If you read the newspapers, the blogs and the trades, there's no question that MAD MEN is a huge critical and popular hit.

But if you look at the numbers, it's a different story.

On Sunday, MAD MEN, drew 2.2 million viewers and scored a 0.8 rating. THE GLADES, which isn't getting nearly the same amount of buzz or adoration, drew 3.1 million and the same rating. THE GLADES also out-performed HBO's HUNG (2.5 million, 1.4) and ENTOURAGE (2.6 million, 1.5) in eyeballs, if not rating.

So THE GLADES has more viewers than ENTOURAGE, HUNG, and MAD MEN… and yet isn't drawing anywhere near the same amount of media attention or adoration. Which, I suppose, may prove it's not how many viewers are actually watching your show that makes you a hit… it's how many people in the media say that you are one.

 

Dorchester Getting out of the Paperback Biz

Publishers' Weekly reports that Dorchester is getting out of the paperback book business and shifting to an e-book and POD model.

Mass market romance publisher Dorchester Publishing has dropped its traditional print publishing business in favor of an e-book/print-on-demand model effective with its September titles that are “shipping” now. President John Prebich said after retail sales fell by 25% in 2009, the company knew that 2010 “would be a defining year,” but rather than show improvement, “sales have been worse.”

[…]Dorchester will continue to do print copies for its book club business and has signed a deal with Ingram Publisher Service for IPS to do print-on-demand copies for selected titles. According to Prebich, some e-books that are doing well in the digital marketplace will be released as trade paperbacks with IPS fulfilling orders; the company, however, will not do any more mass market paperbacks for retail distribution.

I am running out the door, so I haven't had a chance to give this development much thought. I'll probably post more about it later. But I wonder what this means for their Hard Case Crime imprint?

UPDATE – Apparently, the Wall Street Journal was wondering the same thing:

Hard Case Crime, an imprint owned by closely held Winterfall LLC, said it may seek to move its mystery books from Dorchester to another publishing house.

"It's been a good run, but if they aren't publishing mass market paperbacks, we'll have to decide what to do. I'm a believer in the mass format, but I do understand the reality of the marketplace," said Charles Ardai, who owns Hard Case Crime.

The country's largest consumer book publisher, Bertelsmann AG's Random House Inc., said it continues to be a strong believer in mass paperbacks. One of the country's most successful mystery writers, the late John D. MacDonald, is available from Random House exclusively in mass paperback.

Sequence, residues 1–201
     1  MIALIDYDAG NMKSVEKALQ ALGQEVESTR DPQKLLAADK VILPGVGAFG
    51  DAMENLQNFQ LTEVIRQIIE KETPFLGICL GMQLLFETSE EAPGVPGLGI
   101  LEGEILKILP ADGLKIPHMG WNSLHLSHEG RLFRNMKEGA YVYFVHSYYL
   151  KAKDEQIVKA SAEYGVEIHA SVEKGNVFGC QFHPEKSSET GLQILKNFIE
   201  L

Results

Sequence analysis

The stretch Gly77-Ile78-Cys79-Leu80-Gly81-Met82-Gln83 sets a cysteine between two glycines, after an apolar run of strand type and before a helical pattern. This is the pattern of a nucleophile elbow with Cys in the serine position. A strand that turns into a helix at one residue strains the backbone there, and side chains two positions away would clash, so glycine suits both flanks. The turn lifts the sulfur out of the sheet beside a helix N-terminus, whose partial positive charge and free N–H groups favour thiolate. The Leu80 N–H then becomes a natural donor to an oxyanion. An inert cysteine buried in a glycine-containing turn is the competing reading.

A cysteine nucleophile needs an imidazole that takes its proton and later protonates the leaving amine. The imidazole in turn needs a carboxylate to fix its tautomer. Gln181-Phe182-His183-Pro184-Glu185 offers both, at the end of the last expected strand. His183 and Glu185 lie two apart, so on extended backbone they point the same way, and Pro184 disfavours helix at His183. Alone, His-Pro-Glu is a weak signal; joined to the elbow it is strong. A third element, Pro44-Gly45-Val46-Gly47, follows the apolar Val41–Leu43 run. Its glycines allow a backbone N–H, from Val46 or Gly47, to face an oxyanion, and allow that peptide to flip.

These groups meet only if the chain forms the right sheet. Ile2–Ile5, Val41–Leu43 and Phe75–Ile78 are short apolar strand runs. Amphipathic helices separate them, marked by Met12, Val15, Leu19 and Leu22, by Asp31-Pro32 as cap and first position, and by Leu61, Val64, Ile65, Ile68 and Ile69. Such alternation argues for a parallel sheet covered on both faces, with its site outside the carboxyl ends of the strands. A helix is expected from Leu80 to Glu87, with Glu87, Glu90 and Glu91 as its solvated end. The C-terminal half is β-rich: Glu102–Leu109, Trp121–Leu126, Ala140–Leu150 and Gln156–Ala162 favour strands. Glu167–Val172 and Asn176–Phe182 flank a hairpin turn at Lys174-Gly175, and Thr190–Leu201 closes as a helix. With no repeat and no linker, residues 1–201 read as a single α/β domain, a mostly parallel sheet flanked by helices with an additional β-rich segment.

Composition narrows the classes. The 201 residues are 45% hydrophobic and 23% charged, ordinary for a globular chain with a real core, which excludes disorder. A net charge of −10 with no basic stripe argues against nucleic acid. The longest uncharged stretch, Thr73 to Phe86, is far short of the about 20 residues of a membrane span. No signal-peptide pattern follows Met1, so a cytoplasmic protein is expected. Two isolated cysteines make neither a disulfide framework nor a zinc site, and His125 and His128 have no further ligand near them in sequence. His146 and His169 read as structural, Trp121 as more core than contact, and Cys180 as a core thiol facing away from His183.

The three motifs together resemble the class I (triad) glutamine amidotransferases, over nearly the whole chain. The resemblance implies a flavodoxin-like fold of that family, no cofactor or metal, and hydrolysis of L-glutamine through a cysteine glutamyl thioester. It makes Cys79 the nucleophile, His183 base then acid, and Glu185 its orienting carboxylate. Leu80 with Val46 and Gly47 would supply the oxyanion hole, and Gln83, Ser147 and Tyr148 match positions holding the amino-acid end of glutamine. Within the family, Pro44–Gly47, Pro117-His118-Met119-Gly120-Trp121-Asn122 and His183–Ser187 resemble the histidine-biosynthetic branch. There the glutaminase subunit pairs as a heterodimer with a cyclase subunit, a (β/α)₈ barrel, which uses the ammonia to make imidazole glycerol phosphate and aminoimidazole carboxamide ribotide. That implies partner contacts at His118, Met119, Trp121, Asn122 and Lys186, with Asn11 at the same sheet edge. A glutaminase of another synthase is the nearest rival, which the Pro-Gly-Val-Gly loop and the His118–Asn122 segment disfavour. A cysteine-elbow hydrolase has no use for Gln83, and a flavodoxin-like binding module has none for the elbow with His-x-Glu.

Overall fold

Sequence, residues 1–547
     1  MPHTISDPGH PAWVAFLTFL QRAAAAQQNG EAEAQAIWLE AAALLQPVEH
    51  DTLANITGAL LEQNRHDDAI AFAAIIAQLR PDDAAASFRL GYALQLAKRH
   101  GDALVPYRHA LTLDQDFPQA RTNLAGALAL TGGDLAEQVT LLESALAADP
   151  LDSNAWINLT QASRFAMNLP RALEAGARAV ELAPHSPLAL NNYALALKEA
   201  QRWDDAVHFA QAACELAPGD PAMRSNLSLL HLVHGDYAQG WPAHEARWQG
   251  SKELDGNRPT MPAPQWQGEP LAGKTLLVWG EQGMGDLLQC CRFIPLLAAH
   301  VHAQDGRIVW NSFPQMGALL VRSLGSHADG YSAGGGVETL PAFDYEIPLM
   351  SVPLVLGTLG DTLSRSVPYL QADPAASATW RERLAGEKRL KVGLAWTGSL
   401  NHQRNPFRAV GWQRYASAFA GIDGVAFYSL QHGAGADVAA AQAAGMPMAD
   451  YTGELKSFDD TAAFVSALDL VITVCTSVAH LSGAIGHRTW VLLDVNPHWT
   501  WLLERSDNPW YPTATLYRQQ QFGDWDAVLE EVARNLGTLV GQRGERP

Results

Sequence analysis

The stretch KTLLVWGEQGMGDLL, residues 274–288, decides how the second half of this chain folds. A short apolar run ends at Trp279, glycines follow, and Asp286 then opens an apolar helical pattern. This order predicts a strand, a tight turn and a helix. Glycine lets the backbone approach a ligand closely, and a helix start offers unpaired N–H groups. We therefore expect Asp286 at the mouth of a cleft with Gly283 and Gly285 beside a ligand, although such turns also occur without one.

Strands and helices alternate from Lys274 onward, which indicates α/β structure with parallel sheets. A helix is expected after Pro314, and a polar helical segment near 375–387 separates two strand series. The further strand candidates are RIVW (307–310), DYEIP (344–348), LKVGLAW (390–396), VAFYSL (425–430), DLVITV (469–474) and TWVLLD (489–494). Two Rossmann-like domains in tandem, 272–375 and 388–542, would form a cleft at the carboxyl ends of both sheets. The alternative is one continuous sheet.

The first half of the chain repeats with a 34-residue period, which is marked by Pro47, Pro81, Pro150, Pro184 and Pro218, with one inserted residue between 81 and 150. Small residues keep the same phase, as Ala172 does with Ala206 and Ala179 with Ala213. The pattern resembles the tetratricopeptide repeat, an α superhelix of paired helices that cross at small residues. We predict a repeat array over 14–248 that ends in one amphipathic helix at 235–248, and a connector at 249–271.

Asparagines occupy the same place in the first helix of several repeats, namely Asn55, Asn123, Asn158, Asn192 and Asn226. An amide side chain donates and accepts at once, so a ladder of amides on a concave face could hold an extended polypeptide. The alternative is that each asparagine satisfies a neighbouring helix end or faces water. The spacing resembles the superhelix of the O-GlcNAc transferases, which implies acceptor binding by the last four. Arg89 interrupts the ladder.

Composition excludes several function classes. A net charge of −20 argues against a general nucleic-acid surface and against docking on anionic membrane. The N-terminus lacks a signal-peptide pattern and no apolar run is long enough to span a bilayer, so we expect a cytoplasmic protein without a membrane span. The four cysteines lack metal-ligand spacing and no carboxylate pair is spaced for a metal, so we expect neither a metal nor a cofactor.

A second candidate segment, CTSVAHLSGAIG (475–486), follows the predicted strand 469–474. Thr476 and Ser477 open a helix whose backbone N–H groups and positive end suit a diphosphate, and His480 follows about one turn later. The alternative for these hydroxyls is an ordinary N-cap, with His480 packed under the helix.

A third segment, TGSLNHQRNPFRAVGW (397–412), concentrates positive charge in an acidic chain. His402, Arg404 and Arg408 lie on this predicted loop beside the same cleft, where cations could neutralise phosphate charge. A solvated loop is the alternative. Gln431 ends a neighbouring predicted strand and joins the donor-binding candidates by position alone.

"It's still a viable, popular, lower-priced alternative to the other reading formats," said Stuart Applebaum, a spokesman for Random House. "It also has a committed readership. Will that commitment be forever in a transformative marketplace? We'll have to wait and see.

UPDATE: And Charles Ardai elaborated in a comment he left here, that says:

It means that future Hard Case Crime titles will most likely be published by a company other than Dorchester (although Dorchester may still distribute them to their book club members).

Interesting times. More info to come as things ripen…

Glades Kicks Ass

The premiere of THE GLADES made TV history for A&E, according to Deadline Hollywood:

Third time proved to be the charm for A&E whose third original series, The Glades, debuted with 3.6 million viewers last night, posting the network's most-watched original drama series telecast ever. The Glades also broke records in the adults 18-49 and 25-54 demographics, delivering 1.4 million viewers and 1.2 million viewers, respectively. Combined with the encore airing, The Glades was watched by a total of 5.1 million viewers last night and grew by 38% from its lead-in.

I have a vested interested in the news. Bill Rabkin and I wrote the third episode and are in the midst of writing another one now.

Good News for Fanboys

Looks like BORAT director Larry Charles and CHARLIE'S ANGELS director McG have been watching STAR TREK: THE NEW VOYAGES, PHASE II,  the fan-produced sequel to STAR TREK. Variety reports they've sold a pilot to NBC about a group of fans in a small town who produce their own version of a canceled TV show.

Speaking of CHARLIE'S ANGELS, Variety reports that Josh Friedman is scripting a remake for ABC. Friedman previously wrote & produced the Fox series TERMINATOR: THE SARAH CONNOR CHRONICLES with writer/producer John Wirth who, incidentally, wrote a CHARLIE'S ANGELS reboot with LOST's Carleton Cuse that ABC passed on a few years ago.